The sound of races

Come walk on sunshine with me, why don’t you?

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There’s a parcel of concrete on top of a hill surrounded by buildings that nearly touch the clouds. Elevated highways bow tie this tongue of land I stand atop as the morning sun dissects the surrounding skyline. I have only felt this nervous a few times before, and I am coming to grips with my cold sweat and nausea, which will surely be followed by my vomiting. Luckily I’m shirtless.

I take a moment and stand in awe of my surroundings, then I turn around to look down the cement hill. One hundred meters ahead are 28,000 people, crammed together forming a phalanx bearing down on me. I am standing by myself in the middle of a road in downtown Kansas City, about to race in the largest, most competitive, and unnerving 5K of my life. I stand tall and look down at the thousands waiting to charge.

There are so many, the hoard bends at an intersection a half mile away, and continues on for another mile at least. I can’t see pavement between them.

I move down the hill with my eye on the crowd. Walking to the starting line, I can’t hear anything other than arteries pulsing in my head. I cross the starting line and am infused with everyone’s nerves and anticipation. Shoulder to shoulder, chest to back, feet to feet; we are all claustrophobic today.

I take a deep breath, drop my shoulders, bend slightly, tuck my chin, and dig-in my right foot for a Spartan-like push. The starting gun fires and organized madness ensues. This is one time in my life I could hear soundtrack music playing in my mind, complimenting the rush of 28,000 racers behind me.

The song?

You know that 30 Day Music Challenge bonanza everyone is doing on the FBook? I scoff at that. I laugh at that. How conforming of you to give in to such a stupid idea.

I was busy thinking exactly that when I saw a person whom I immensely respect had started their own 30 Day Challenge. My perspective changed, and I thought about songs that define me, or at least bits that comprise me. I thought of the start to that 5K, and how I wanted The Last of the Mohicans’ theme blasting. Me passing people, people passing me, thousands more behind me, pushing, sprinting, madness… I thought this song fit. It sounds like agility.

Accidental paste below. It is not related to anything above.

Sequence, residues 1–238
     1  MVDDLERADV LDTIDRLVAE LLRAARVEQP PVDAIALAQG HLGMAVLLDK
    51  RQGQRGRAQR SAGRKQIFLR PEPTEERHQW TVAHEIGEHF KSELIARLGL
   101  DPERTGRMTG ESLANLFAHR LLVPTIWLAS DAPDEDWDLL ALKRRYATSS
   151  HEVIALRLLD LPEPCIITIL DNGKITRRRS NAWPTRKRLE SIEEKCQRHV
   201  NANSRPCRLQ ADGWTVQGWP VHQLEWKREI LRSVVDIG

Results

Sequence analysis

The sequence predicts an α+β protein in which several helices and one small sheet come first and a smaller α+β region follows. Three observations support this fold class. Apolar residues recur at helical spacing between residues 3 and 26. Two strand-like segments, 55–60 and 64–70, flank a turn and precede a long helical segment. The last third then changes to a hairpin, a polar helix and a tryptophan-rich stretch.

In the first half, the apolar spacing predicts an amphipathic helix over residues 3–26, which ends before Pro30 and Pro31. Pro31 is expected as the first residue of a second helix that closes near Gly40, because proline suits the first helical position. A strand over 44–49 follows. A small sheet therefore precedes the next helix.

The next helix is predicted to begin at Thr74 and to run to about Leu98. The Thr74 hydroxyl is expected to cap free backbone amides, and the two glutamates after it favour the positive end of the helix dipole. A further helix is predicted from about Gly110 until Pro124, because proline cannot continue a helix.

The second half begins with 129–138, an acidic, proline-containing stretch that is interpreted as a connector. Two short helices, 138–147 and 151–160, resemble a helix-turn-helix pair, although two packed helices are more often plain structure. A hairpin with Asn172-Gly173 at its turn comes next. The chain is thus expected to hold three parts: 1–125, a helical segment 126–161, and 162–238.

In the face of this chaos, I somehow found my cool and slithered through the people until I was with one of the lead packs on our way through downtown KC.

If I could, I would listen to that song at the start of every race. It sets my pace perfectly. It’s uptempo, yet relaxed. It reminds me I need to be hustling, but that sprinting isn’t necessary yet. What song indicates, for me, it’s time to bury my heels deep in the pavement and haul ass? I’m going to play this idea of racing music out:

The start: Promontory, like I said.

Once I’ve established my pace and have hit cruise control for the middle portions of the race, there are a couple songs that, for whatever reason, feel appropriate and energetic:

1) Sprawl II (Mountains Beyond Mountains) by The Arcade Fire.

2) Born this Way by Lady Gaga…. get off my balls already. Don’t act like you don’t like it, hypocrite.

I’ve likely been running a negative split, so the racers ahead of me falsely believe I am firmly in their dust. That’s when the clouds open and the Imperial March momentarily erupts (nerdy). I pass my opponents. I am their enemy, the bearer of bad news–I’ve been holding out on them, waiting to strike.

I see the finish line. It’s time for something loud that beckons all my strength: The Inception Score.

The finish line is less than a quarter mile away and it’s go-time. I’m trying to pass every last person between me and the end. I’ve moved off my heels and onto the balls of my feet. My knees are cranked high and my velocity is the only thing keeping me from losing my balance and falling face first. Now I’m on my toes and pumping my arms wildly. I want this song blasting so loudly it compresses my brain and makes my stomach turn inside-out. It’s epic, and I’m hoping my finish will be, too.

When I finished that 5k, the Susan G. Komen Race for the Cure in Kansas City, I didn’t hear any music–only my heaving (racing protocol: sprint the finish, puke). In 2009, my first Komen and the one I described before, I finished 89th. In 2010, I finished 69th.

Non-running music

I’m more likely to be listening to Huey Lewis and the News than Metallica when I lift.

Despite my marathon training, I still lift quite a bit. And I’m so far out in left field with my lifting music, I’m practically blacked out drunk somewhere in the bleachers. Most guys listen to the hardest of rock, or heavy bass hip-hop.

Not I.

I listen to Walking on Sunshine and the rest of the American Psycho soundtrack, because it reminds me of how buff Christian Bale got for that movie, and that drives me to lift hard enough to achieve the same physique. Throw in some Top Gun and epic movie scores and I’m prepped for beastmode.

To each my own.

There is one song I listen to when I’m really about to unleash the fury. Du Hast by Rammstein. JACKED. UP. I’m ready to sacrifice a goat.

Music is proven to help you workout. I can’t race with my iPod, but I can train with it. And I take full advantage of it with 80’s mega hits and movie scores.

What do you listen to? I’m looking for gems.

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